Sometimes, when you go to hear a concert it is the performer who is the star of the show. Take someone like the phenomenal Lang Lang, for example, with his high tech performances that have him approaching the keyboard almost as if it is a computer console. It is riveting and exciting and, almost no matter what he plays, it is worth it just to go and watch him.
Sometimes, though, as marvelous as the performer is, they are simply there to serve the music. Alfred Brendel was certainly like that. I have never heard a live performance of Maurizio Pollini but he has that reparation too. Add Angela Hewitt to the list.
This is not to suggest, in any way, that Angela Hewitt is not also technically superb. She is. In the final, Toccata movement of Maurice Ravel’s Le tombeau de Couperin, with which she closed her Shriver Hall recital on Sunday evening (closing out the SHCS season), her hands were a blur given the velocity—to say nothing of the accuracy—of her playing. It was truly virtuosic, but not for the sake of being flashy. It was all in service to Ravel’s remarkable piece.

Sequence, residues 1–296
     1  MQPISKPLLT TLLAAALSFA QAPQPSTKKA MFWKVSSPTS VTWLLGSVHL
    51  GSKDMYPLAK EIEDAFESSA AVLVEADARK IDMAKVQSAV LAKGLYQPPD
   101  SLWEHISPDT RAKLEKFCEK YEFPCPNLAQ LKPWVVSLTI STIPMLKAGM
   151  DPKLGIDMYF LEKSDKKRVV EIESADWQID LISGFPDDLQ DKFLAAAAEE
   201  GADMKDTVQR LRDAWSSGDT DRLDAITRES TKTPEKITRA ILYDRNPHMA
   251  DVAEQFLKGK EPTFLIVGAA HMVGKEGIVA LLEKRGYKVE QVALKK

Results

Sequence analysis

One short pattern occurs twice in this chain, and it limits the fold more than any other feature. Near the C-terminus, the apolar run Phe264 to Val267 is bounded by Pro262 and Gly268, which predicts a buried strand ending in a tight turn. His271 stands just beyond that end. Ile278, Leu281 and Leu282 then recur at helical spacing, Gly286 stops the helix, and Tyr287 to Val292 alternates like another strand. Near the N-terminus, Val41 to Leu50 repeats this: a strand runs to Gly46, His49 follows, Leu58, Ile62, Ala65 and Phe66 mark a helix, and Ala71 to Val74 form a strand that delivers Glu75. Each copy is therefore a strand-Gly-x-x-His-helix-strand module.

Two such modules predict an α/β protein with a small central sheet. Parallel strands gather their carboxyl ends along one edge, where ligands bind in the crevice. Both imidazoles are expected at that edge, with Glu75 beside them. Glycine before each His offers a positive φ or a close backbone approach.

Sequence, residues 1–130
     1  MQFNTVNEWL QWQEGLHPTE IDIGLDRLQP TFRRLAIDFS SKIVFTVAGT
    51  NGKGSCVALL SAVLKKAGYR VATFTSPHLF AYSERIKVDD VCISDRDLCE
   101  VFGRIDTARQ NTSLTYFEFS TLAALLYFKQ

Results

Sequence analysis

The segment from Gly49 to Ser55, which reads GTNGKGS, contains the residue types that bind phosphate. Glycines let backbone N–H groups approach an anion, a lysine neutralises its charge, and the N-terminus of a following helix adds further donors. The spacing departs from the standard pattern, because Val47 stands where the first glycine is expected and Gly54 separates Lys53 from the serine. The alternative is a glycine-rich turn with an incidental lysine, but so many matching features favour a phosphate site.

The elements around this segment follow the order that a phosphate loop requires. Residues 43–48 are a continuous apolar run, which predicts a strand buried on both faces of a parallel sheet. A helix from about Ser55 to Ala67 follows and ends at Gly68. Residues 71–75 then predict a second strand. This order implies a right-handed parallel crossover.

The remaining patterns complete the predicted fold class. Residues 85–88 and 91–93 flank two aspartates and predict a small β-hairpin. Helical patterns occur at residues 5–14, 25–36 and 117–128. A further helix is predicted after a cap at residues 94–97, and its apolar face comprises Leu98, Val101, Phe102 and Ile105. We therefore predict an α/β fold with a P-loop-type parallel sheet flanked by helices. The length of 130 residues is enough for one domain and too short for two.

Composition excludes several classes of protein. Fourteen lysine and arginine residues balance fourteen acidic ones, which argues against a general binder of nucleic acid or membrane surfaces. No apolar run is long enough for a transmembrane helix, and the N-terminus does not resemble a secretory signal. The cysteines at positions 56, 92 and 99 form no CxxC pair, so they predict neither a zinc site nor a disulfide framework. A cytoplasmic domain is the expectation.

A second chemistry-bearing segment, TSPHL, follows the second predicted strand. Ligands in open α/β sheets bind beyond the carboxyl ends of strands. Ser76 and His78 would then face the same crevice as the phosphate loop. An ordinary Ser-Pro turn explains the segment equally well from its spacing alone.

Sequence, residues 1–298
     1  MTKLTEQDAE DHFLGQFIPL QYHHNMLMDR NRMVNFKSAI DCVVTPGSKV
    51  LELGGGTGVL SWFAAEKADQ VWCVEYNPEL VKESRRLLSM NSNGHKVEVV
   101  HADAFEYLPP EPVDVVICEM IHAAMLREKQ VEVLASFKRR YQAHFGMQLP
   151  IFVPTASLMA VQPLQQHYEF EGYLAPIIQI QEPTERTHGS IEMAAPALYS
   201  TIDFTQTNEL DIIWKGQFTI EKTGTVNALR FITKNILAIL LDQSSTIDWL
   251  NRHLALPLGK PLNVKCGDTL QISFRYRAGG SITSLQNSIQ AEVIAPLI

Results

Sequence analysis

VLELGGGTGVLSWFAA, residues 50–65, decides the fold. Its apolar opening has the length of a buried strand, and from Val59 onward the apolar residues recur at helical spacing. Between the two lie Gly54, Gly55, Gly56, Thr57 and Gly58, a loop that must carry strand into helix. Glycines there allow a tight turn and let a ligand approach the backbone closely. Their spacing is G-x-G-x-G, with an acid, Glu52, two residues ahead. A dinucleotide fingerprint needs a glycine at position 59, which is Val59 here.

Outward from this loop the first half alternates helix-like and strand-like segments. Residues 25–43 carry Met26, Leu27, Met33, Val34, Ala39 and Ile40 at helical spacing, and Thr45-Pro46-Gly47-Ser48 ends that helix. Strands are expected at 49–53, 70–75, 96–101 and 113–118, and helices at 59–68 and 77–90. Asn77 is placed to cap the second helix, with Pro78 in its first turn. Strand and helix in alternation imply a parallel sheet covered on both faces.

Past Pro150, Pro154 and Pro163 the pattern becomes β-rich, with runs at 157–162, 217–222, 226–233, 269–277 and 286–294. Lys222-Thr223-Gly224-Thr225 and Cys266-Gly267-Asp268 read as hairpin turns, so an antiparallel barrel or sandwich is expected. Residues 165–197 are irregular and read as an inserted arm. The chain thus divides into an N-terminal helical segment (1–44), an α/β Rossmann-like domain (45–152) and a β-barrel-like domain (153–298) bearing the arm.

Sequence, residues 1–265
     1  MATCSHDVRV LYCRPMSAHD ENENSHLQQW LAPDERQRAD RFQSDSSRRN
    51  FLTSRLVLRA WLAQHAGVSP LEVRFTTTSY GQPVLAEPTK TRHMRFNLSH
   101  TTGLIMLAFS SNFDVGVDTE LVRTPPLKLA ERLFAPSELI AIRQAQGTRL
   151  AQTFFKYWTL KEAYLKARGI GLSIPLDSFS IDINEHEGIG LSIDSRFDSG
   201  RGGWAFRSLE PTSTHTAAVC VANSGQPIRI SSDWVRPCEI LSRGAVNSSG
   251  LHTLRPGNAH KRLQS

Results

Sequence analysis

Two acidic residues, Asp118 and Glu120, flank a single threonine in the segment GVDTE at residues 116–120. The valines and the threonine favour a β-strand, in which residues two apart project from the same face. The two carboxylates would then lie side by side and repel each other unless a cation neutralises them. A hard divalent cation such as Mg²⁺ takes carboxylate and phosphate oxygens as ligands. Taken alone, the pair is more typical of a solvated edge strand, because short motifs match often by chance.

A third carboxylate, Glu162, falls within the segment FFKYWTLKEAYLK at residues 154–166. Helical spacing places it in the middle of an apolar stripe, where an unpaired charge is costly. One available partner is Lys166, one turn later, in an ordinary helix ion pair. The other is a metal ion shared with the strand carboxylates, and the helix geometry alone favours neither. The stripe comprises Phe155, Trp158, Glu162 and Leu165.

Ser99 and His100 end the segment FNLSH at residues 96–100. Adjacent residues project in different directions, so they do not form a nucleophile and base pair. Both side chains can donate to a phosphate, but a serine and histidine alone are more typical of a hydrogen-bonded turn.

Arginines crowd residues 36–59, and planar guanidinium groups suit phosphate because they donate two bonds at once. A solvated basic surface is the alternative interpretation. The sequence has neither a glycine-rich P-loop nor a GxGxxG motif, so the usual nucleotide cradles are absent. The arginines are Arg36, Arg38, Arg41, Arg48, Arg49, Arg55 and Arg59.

Angela Hewitt is known as a Bach specialist, having taken on the project of recording all his keyboard works. She is now working up his Art of Fugue for two London recitals in the upcoming seasons, and she gave us a snippet of “her labors” as she referred to them, playing Nos. 1—4. She also played Bach’s French Suite No. 5, with the final Gigue being another tour de force.
She opened her program with some of the gorgeous Francois Couperin Pieces de Calvecin, and also treated us to Gabriel Faure’s Theme et Variations in C-sharp Minor. (Notice how beautifully the program hangs together around French/Baroque music!) She is a still, quietly intense player—no flashy gyrations or anything like that—and her intent concentration in the music flows right through her body, to the extent that she looks different when she is playing Faure and Ravel from when she is playing Bach. She looks almost balletic in the French repertoire.
Angela Hewitt has an interesting News page on her website http://www.angelahewitt.com/index.php, which I like to follow from time to time. Unfortunatley, her Shriver Hall recital didn’t make it onto her News, but that doesn’t mean she didn’t give us her all!
Tags:Bach, chamber music, music, Ravel